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A Simulation Model to Quantify the Spread of BSE in the United States. Joshua Cohen and George Gray Harvard Center for Risk Analysis Harvard School of Public Health. Contributors. Harvard Center for Risk Analysis Joshua T. Cohen Keith Duggar (MIT) George M. Gray Silvia Kreindel

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a simulation model to quantify the spread of bse in the united states

A Simulation Model to Quantify the Spread of BSE in the United States

Joshua Cohen

and

George Gray

Harvard Center for Risk Analysis

Harvard School of Public Health

contributors
Contributors
  • Harvard Center for Risk Analysis
    • Joshua T. Cohen
    • Keith Duggar (MIT)
    • George M. Gray
    • Silvia Kreindel
  • Center for Computational Epidemiology, College of Veterinary Medicine, Tuskegee University
    • Hatim Gubara
    • Tsegaye HabteMariam
    • David Oryang
    • Berhanu Tameru
what usda asked harvard to do
What USDA Asked Harvard to Do
  • Identify possible sources for the introduction of BSE (“mad cow disease”) into the U.S. cattle population
  • Identify and quantify the relative importance of pathways by which BSE infectivity might spread among U.S. cattle or contaminate the human food supply
  • Evaluate implications over time of possible introduction of BSE into U.S. agricultural system
    • Reproductive constant of the disease (R0)
    • Extent of human exposure
report history
Report History
  • Grant awarded to Harvard in 1998
  • Report completed in November, 2001
  • Report reviewed in 2002 under contract with RTI
    • H. Christopher Frey – University of North Carolina
    • John C. Galland – Kansas State University
    • Bram E.C. Schreuder – DLO-Institute of Animal Science and Health (Netherlands)
    • John W. Wilesmith – UK Department of the Environment, Food and Rural Affairs (DEFRA)
  • Revised report accepted by USDA and released in October, 2003
why we chose a simulation approach 1
Why We Chose a Simulation Approach (1)
  • No historical data for U.S. - build understanding up from biology, agriculture, etc.
  • Need to characterize the evolution of the disease over time
    • Within animals
    • Across the cattle population
  • BSE not amenable to conventional epidemic disease modeling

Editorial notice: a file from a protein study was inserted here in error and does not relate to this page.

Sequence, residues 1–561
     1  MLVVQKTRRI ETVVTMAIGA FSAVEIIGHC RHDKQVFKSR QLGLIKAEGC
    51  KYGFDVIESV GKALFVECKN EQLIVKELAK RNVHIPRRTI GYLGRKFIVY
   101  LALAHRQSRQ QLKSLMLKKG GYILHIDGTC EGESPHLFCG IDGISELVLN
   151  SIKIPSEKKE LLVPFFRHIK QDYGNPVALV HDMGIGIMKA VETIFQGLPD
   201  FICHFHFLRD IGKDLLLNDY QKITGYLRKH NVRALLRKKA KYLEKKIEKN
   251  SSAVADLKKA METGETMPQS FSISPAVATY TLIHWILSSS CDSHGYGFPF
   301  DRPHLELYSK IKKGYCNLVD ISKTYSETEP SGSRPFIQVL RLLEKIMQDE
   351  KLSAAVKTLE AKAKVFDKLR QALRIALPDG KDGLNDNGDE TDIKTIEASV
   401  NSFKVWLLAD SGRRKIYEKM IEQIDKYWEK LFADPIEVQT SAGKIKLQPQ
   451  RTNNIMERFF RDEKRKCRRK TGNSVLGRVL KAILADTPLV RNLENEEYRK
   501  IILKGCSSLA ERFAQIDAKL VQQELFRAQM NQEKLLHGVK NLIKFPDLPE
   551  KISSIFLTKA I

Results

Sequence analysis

• Spread depends on how and when animal was slaughtered
why we chose a simulation approach 2
Why We Chose a Simulation Approach (2)
  • Allows quantitative comparison of importance of different pathways of spread and different risk management
  • Can help focus collection of information
learning from uk experience
Learning from UK Experience

We assume the prevailing hypothesis of UK BSE spread is correct:

model overview
Model Overview

Exogenous Sources of Infectivity

Cattle Population

Split depends on compliance with ban on feeding ruminant materials to cattle

Slaughter and Death by Other Causes

Human Food

Uses Posing No Risk to Humans or Cattle

Feed

Split depends on 1) time since infection, 2) slaughter plant practices, and 3) animal age

key assumptions 1
Key Assumptions (1)
  • Exogenous sources of BSE
    • Imported cattle
    • Imported feed
    • Sporadic disease
    • Cross species transmission (e.g. scrapie)
  • Spread of disease among cattle – Imperfect compliance with feed ban
    • Contamination of non-prohibited materials
    • Mislabeling of prohibited materials
    • Misfeeding
key assumptions 2
Key Assumptions (2)
  • Infection probability
    • Exposure and susceptibility high in young animals
  • Disease course
    • Agent moves from gut to CNS over time
    • Total infectivity load grows rapidly in months prior to clinical signs
  • Human exposure
    • Contamination of AMR
    • Consumption of variety meats
model is probabilistic

Initialize Model

Run 5000

Run Simulation

Run 3

Record Results

Run 2

Run 1

Model is Probabilistic

Number of Infected

Cattle over 20 Years

predicted bse spread base case
Predicted BSE SpreadBase Case
  • Introduce 10 BSE infected animals
  • On average, 4.3 new cases in the 20 years that follow
predicted bse spread 500 infected cattle introduced
Predicted BSE Spread500 Infected Cattle Introduced
  • Same type of result when more cattle introduced
human exposure
Human Exposure
  • Total human exposure in 20 years -- 40 Cattle oral ID50s
findings
Findings
  • Outcome following an introduction
    • Incidence tends to decrease with time (R0 < 1)
    • After 20 years, BSE is most likely eliminated from U.S.
    • Results hold regardless of source (live animals or feed)
  • Human exposure is limited
    • Orders of magnitude less than UK
    • AMR, brain, beef on bone, and spinal cord are responsible for the bulk of the exposure
findings1
Findings
  • Risk mitigation measures
    • Eliminate CNS material from animal feed and human food
    • Stop rendering of animals that die before slaughter
  • Key sources of uncertainty
    • Compliance with feed ban
summer 2003 analysis of the canadian bse case
Summer, 2003 Analysis of the Canadian BSE Case
  • Considered various introductions of BSE into the U.S. from Canada
    • Live cattle imports – Five infected bulls
    • Contaminated feed imports – Material from five infected animals (adjusted for processing, etc.)
    • Time of introduction ranging from 1990 to 1998
  • Model run through 2020
findings2
Findings
  • Timing of introduction matters
  • Contaminated feed produces more cases than imports of infected animals
    • Most infectivity in cattle is not fed back to cattle
  • Virtually all introductions yield too few clinical cases to be confident that they would be found by surveillance
  • Introduction of feed ban in 1997 reverses growth and starts toward elimination